David Weberman
Central European University
This paper re-examines the central thesis of Gadamer’s hermeneutics that objectivity is not a suitable ideal for understanding a text, historical event, or cultural phenomenon because there exists no one correct interpretation of such phenomena. Because Gadamer fails to make clear the grounds for this claim, this paper considers three possible arguments. The first, predominant in the literature on Gadamer, is built on the premise that we cannot surpass our historically situated prejudgments. The paper rejects this argument as insufficient. Similarly, the paper rejects a second argument concerning the heuristics of understanding. The paper then articulates a third argument that the object of understanding changes according to the conditions in which it is grasped. The paper appeals to the notion of relational properties to make sense of this claim and to defend the position against two objections: i) that it conflates meaning and significance, and ii) that it is saddled with an indefensible relativism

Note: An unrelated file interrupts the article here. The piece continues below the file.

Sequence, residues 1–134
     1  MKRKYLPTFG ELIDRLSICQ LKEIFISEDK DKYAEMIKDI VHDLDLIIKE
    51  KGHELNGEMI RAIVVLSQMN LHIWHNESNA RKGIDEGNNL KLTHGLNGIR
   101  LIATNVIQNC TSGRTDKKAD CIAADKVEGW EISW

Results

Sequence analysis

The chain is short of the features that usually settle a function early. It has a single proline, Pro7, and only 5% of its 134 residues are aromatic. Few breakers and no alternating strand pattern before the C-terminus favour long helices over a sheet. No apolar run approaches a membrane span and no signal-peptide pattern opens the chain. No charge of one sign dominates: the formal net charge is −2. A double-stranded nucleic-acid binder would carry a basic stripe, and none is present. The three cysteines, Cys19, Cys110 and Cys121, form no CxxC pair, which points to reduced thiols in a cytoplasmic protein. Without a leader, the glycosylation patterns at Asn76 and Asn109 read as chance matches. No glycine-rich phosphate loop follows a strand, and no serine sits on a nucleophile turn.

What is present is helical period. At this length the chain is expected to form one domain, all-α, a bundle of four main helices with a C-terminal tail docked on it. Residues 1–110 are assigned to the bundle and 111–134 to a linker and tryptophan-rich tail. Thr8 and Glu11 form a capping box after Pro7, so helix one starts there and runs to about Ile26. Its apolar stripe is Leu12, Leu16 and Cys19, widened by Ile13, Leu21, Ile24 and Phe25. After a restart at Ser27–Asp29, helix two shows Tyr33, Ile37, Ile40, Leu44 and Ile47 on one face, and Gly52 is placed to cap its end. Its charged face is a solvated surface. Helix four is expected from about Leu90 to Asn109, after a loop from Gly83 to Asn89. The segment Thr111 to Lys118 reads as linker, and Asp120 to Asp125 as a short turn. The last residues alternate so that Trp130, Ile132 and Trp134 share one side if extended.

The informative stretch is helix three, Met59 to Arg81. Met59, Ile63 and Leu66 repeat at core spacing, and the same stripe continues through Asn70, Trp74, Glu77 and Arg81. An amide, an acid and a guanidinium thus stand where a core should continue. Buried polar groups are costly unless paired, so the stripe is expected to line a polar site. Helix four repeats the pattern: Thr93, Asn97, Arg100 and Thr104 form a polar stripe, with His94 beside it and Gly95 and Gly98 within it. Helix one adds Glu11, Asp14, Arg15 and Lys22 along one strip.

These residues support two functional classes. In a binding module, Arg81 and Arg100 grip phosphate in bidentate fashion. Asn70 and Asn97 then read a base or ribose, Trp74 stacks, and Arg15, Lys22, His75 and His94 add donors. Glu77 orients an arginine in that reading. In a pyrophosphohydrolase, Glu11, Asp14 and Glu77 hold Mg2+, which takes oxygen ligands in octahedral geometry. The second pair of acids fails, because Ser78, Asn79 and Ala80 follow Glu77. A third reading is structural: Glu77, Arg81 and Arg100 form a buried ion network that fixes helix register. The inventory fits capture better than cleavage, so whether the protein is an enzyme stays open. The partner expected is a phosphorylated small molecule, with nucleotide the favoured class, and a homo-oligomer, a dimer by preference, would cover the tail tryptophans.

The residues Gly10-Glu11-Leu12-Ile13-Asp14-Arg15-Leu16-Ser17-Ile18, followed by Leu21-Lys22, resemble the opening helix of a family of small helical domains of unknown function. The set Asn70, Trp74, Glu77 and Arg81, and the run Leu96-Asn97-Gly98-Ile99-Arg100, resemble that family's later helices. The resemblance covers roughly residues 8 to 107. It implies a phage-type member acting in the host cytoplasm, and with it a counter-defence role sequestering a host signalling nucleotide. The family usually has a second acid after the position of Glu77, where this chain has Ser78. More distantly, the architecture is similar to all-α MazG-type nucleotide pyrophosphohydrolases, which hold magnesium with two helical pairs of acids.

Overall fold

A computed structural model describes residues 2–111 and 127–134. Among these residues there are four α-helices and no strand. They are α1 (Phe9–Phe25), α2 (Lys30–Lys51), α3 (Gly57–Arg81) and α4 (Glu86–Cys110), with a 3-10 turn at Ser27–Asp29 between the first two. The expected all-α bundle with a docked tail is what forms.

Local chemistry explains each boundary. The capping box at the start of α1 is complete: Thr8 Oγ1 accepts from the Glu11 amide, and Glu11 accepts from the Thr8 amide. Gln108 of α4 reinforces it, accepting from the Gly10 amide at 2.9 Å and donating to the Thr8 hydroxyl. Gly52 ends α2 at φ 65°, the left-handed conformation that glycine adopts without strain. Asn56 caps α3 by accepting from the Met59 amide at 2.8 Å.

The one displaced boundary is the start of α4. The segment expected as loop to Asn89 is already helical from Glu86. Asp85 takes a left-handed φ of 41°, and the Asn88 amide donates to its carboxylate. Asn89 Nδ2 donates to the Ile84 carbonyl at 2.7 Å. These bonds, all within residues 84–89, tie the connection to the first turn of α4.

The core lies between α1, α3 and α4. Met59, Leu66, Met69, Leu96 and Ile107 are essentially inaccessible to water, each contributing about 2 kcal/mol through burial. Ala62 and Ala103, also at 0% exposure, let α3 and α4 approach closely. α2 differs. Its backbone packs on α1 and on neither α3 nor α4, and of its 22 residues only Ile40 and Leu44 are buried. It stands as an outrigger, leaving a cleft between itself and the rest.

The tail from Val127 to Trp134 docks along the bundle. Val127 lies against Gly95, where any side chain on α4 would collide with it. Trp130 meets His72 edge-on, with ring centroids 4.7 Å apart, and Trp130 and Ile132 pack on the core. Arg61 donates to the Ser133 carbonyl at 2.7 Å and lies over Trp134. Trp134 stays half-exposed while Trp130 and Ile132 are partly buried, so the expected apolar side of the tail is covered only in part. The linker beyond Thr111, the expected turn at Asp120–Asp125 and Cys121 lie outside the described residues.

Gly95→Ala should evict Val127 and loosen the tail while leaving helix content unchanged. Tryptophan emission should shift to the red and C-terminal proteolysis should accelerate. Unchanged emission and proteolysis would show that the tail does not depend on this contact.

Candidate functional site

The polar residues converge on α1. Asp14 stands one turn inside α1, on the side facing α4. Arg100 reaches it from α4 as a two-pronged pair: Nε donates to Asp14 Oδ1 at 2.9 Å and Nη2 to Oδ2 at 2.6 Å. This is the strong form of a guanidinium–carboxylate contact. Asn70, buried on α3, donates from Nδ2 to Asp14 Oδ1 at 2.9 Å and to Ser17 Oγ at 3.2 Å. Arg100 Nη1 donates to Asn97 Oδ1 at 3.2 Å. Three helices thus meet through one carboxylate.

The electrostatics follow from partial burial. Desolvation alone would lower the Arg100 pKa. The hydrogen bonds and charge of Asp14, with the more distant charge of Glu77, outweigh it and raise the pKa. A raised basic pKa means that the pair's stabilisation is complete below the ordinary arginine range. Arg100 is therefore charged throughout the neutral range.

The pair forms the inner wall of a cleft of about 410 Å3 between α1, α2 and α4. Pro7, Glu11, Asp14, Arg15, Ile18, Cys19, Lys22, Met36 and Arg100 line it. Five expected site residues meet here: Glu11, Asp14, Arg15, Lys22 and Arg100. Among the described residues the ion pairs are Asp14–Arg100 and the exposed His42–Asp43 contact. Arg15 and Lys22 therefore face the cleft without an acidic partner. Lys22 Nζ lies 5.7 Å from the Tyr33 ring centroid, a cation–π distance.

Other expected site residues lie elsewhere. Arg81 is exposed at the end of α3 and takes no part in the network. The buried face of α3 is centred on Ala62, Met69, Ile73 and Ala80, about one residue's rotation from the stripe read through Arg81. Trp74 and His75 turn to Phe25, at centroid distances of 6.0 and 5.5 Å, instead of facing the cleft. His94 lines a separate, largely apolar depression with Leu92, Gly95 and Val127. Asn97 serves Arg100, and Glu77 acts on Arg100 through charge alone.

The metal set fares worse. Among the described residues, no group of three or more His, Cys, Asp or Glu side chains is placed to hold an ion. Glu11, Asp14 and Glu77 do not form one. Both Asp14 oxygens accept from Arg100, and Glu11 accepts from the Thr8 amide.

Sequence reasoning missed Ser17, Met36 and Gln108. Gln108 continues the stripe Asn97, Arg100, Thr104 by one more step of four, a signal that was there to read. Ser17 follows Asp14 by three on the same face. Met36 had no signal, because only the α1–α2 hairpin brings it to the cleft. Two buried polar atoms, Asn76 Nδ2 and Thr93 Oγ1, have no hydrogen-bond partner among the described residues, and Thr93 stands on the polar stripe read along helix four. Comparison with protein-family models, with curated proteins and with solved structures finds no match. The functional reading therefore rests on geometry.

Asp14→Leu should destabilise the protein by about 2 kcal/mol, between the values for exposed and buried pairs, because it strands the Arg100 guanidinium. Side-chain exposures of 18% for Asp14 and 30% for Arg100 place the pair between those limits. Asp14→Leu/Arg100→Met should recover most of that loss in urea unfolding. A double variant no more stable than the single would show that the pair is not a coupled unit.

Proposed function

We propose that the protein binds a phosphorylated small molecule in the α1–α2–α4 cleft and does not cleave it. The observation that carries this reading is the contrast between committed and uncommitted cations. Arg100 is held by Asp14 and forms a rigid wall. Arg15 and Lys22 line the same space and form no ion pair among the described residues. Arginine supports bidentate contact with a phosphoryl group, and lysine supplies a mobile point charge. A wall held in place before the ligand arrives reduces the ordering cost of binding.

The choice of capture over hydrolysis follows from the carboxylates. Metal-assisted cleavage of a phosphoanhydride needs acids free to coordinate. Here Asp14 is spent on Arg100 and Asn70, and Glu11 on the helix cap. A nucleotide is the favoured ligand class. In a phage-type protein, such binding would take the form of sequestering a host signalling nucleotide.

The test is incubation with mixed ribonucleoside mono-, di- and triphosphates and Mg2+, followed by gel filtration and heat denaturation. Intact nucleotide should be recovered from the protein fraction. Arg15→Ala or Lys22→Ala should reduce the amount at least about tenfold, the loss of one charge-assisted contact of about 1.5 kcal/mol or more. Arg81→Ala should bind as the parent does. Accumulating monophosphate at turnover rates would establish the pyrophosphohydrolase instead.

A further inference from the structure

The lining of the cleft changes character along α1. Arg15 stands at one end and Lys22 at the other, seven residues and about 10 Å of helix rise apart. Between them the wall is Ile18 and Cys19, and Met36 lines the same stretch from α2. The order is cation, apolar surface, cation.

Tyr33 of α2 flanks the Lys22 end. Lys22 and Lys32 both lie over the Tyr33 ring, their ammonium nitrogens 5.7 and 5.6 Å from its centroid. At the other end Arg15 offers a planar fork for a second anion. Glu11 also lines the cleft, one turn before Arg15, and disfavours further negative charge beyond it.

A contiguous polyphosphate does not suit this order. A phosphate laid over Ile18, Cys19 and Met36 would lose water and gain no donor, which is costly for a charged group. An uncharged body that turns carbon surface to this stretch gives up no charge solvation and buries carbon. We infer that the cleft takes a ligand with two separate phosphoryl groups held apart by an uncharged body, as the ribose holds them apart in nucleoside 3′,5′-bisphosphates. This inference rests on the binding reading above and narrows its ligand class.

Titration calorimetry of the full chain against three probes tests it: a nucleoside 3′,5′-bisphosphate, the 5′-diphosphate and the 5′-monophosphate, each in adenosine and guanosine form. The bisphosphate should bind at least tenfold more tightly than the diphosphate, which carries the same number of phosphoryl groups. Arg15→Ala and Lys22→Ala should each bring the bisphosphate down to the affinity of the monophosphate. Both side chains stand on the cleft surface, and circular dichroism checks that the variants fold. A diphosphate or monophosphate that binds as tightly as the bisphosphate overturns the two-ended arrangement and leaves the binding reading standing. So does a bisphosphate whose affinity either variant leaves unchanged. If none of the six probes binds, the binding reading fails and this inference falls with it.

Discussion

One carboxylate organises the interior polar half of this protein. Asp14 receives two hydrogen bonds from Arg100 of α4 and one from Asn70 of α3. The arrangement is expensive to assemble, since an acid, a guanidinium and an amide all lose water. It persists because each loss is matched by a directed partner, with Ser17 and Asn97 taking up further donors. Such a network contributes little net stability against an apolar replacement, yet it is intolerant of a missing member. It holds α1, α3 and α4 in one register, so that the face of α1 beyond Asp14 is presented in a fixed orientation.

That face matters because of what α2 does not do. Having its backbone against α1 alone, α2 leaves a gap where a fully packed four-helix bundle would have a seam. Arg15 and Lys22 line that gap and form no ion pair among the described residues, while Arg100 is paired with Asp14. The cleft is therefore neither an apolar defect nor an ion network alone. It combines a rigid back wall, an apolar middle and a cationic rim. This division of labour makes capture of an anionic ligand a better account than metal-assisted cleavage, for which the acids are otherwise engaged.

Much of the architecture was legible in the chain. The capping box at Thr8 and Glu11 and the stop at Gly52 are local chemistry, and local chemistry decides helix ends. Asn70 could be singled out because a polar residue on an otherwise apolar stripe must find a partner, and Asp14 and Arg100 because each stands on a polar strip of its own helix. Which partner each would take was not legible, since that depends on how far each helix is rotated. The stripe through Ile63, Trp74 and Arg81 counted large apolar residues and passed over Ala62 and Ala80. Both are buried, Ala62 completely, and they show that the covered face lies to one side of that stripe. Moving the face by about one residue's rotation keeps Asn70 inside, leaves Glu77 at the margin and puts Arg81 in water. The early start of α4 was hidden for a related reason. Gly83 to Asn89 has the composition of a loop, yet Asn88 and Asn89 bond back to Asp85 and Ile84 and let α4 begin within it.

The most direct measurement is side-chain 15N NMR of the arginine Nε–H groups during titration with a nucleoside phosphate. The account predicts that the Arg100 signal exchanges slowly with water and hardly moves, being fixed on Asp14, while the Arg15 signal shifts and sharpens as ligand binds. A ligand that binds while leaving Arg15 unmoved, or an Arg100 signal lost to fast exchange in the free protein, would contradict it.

Keywords Analytic Philosophy  Contemporary Philosophy  Philosophy of Mind
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ISBN(s) 0031-8205
DOI 10.2307/2653427
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